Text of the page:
Friday, January 28, 2011

Grace Burrowes on Beginnings

Beginnings of romance novels are supposed to be easier—less difficult—to write than ends or (cue ominous music) middles. There is a great deal of business to transact at the beginning of the book. The dramatis personae must strut, mince, waltz, thunder or crawl onto the stage; hero and heroine must Meet and perhaps even enjoy or suffer through their First Kiss; external conflicts must be strongly hinted at if they don’t get center stage; secondary characters and subplots have to get some mention; the requirements of setting must be appeased.

At the beginning of a book, the issue of what to write about is subsumed under all that busyness, and yet sometimes, even the beginning of a book eludes us. The first line won’t present itself. The first scene keeps developing a limp. The Meet has no chemistry. The hero and heroine have too much chemistry and all of it is bad. The secondary characters are too charming, witty, or intriguing to serve in their intended roles.

And sometimes, we get into those dark, miserable corners where no words come at all. We are beginning-less, and then we become very prone to endings.

When the beginnings won’t come, we fret that they’ll never come and our writing career is over. We polish and buff and read over old material until we’re no longer polishing, we’re sanding it down to something dull and boring. We consider our own big black moment—quitting.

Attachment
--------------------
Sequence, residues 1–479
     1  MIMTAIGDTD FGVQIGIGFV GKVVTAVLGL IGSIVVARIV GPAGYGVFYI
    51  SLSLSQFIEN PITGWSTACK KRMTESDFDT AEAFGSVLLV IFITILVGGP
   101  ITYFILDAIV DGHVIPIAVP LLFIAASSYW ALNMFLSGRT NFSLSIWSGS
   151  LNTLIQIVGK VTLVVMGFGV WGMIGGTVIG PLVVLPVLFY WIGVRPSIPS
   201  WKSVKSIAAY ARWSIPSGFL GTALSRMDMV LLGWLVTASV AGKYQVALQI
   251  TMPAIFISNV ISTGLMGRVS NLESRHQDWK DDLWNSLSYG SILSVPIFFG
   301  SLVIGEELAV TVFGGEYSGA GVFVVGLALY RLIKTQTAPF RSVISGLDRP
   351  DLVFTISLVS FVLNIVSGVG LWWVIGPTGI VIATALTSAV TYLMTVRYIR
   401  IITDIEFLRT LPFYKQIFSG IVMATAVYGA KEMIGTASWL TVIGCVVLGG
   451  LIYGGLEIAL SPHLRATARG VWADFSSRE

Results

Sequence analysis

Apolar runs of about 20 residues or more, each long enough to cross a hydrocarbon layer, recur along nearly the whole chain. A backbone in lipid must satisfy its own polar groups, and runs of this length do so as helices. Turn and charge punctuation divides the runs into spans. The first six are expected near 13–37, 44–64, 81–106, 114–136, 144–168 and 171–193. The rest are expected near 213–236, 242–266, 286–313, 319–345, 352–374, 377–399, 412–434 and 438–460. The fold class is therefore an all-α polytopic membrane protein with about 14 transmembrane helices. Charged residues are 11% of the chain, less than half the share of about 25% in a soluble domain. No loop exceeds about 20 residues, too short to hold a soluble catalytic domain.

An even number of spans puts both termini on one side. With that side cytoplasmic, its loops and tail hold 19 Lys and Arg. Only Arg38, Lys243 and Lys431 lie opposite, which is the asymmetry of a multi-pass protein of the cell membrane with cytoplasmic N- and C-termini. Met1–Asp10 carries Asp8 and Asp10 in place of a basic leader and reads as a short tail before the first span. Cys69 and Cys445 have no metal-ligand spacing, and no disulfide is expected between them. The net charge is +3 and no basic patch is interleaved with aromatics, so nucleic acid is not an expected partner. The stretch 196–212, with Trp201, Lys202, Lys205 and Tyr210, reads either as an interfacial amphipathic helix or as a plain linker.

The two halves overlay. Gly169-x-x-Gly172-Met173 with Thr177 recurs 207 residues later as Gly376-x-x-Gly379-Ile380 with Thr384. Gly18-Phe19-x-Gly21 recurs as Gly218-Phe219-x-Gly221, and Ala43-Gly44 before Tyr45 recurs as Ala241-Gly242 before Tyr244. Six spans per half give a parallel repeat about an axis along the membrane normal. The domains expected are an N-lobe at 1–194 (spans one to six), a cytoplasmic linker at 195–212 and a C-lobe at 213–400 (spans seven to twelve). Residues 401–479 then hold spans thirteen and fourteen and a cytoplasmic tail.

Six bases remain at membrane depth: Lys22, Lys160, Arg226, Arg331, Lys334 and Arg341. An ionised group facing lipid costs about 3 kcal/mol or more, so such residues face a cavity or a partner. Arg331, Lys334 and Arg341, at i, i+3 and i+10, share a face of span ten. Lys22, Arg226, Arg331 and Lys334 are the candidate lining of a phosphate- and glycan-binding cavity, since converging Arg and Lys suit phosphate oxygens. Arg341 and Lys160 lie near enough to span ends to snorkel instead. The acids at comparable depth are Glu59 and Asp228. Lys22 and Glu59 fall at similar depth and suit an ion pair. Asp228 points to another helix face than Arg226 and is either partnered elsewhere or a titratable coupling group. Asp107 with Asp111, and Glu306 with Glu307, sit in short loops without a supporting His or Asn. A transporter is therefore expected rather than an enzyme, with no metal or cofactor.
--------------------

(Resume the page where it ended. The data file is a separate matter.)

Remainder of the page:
I attended a panel discussion at a Georgia Romance Writer’s conference on the topic of “When the Words Won’t Come.” Four published authors all discussed very frankly what it’s like to be without any beginnings at all. The room was nowhere near full, almost as if the topic itself had the power to shut down our creativity.

In the course of the discussion though, one panelist lead us through the creation of a first sentence, one word at a time. It took better than an hour, while we listened to each writer explain what had robbed her of her beginnings, and how she recovered the gift of starting a book. Beginnings are fragile, it turns out. They are not easy at all. They take hope and courage and the ability to withstand significant anxiety about middles, ends, and more beginnings.

Beginnings can require that we have physical and mental health or financial stability. They can demand that we see the end even before we start. They can seize our joie de vivre and creativity and throttle them within an inch of their existence. I developed a new respect for beginnings at that panel discussion.